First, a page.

Your needs will be considerably different, but this may help you get an idea of what can be done. The total size of your drive will have a lot to do with how you parcel it out, of course!
    --
    Jim Kyle in Oklahoma, USA
    Linux Counter #259718
    Howto mark thread: https://wiki.ubuntu.com/UnansweredPo.../SolvedThreads

  5. #15
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    Re: Partitioning scheme to multiboot Linux distros and Windows on one HDD

    Hi!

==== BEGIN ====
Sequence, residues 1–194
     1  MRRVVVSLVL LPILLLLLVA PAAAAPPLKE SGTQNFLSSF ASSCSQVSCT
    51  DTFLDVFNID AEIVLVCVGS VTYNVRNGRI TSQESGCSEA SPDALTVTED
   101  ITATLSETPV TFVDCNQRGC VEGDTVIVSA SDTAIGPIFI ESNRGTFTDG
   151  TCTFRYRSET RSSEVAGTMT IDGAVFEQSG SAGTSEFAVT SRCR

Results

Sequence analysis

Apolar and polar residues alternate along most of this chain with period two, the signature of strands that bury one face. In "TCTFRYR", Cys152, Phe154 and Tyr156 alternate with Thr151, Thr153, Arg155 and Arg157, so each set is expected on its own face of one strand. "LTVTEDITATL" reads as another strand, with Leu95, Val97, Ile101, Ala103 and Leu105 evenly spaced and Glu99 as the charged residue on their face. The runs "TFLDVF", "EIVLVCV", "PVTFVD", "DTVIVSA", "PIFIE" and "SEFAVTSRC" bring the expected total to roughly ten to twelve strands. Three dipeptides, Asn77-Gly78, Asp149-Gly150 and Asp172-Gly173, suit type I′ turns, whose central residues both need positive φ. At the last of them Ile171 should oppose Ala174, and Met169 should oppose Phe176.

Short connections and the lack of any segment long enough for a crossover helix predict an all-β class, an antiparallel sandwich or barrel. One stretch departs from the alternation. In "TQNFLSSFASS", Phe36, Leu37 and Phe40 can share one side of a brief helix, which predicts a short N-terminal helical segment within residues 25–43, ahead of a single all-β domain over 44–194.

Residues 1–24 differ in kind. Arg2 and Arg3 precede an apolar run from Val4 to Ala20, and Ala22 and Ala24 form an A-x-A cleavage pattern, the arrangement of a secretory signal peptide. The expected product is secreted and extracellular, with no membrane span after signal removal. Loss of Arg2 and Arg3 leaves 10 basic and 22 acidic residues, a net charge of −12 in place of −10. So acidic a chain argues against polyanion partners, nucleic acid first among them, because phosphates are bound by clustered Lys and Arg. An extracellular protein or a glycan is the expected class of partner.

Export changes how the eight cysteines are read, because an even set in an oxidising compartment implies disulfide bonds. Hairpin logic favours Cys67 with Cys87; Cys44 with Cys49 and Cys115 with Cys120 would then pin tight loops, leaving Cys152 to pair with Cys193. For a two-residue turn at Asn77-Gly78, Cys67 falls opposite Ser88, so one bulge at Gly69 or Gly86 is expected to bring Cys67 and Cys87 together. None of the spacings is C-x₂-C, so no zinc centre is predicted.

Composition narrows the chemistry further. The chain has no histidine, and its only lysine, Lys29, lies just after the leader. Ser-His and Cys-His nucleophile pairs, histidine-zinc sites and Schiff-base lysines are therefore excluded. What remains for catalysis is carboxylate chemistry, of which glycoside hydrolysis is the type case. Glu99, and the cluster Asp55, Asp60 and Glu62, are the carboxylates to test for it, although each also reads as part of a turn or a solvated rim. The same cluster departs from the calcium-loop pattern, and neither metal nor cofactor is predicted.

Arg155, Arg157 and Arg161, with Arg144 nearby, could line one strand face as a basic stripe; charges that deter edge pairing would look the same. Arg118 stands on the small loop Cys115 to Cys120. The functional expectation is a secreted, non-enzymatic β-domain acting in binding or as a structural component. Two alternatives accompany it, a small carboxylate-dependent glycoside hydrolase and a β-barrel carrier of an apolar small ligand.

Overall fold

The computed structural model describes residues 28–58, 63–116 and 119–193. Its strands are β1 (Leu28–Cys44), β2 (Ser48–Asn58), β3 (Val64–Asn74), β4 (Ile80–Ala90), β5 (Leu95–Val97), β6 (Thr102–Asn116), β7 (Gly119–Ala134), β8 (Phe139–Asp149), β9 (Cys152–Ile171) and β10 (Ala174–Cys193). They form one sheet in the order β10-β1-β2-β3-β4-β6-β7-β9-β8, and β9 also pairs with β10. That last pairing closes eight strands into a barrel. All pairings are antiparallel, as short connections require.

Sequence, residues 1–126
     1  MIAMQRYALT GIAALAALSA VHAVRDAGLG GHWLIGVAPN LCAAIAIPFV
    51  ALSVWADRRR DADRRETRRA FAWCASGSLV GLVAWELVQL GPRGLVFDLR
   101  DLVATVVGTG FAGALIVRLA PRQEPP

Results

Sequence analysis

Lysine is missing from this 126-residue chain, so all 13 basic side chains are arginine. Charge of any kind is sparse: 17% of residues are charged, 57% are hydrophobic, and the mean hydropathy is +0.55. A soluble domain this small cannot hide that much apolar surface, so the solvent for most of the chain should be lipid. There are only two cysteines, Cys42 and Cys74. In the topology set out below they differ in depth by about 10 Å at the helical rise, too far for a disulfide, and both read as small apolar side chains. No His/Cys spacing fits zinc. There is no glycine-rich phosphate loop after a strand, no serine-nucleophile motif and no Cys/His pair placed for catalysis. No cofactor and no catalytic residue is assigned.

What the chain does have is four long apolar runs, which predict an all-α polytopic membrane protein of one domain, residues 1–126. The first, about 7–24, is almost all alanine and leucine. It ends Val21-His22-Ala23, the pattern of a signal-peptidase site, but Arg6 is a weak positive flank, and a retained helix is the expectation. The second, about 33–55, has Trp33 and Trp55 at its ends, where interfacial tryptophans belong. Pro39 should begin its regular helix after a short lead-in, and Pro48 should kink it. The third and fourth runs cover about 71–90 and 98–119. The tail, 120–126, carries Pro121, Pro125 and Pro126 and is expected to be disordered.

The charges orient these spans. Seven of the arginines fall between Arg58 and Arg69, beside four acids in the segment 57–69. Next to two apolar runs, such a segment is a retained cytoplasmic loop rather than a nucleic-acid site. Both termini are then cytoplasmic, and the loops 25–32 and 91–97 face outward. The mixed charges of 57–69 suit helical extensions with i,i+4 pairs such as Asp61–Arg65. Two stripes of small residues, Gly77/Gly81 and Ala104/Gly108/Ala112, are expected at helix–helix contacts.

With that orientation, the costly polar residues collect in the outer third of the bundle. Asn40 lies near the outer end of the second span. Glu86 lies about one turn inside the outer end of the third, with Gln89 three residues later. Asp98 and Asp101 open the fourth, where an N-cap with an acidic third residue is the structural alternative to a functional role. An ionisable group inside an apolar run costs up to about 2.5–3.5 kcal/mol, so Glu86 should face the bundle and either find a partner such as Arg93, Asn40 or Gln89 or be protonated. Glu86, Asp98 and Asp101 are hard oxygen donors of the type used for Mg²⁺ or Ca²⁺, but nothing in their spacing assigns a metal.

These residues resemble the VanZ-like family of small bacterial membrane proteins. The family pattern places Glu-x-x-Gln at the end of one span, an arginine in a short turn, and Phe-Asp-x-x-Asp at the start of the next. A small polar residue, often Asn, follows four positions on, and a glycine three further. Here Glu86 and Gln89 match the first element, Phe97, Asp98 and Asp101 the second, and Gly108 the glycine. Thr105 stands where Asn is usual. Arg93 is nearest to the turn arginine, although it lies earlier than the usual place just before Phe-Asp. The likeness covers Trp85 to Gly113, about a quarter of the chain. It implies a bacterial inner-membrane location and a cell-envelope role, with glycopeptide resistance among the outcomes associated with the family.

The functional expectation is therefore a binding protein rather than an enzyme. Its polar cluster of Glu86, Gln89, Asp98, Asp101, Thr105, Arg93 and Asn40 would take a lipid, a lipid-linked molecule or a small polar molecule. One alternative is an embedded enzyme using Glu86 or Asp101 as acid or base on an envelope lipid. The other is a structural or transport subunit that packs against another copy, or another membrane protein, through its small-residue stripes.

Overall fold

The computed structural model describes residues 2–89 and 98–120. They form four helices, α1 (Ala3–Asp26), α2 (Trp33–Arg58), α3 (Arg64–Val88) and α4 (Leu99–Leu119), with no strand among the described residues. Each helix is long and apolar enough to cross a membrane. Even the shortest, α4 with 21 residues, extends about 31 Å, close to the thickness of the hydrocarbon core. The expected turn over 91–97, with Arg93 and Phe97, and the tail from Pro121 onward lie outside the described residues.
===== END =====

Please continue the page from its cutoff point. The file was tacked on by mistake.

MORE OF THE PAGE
You were asking what other people do in regards to partitioning. I've set up Linux on a number of Windows netbooks at my home. Usually, the netbooks come with either 3 or all 4 of the primary partitions already taken (Windows uses the extra partitions for various aspects of the system restoration process should one have to completely reinstall Windows on the netbook). If all 4 primary partitions are already taken by Windows, I've had to delete one that isn't critical (i.e. HPTOOLS) and then use that one to make an extended partition that I can put Linux on. Then I make 3 logical partitions (ext4 file system) under the extended partition. I use gparted to resize the windows partition to what I need (i.e. 180GB of a 500GB drive so I can use the Windows for games and a few things). I used to set the root partition as the first logical one which made it right beside the Windows one. But if I later want to resize my home partition (i.e. take some GB from the Windows partition and give it to my home partition), this is easier if the home partition is next to the Windows partition. After the home partition, I use the next logical partition for the root (about 20GB), and then the last logical partition for the swap (about 4GB or twice as much as my RAM). The size of the home partition is whatever is left over after the 180GB Windows partition, the 20GB root partition and the 4GB swap. With a 500GB hard drive, that was a little under 300GB.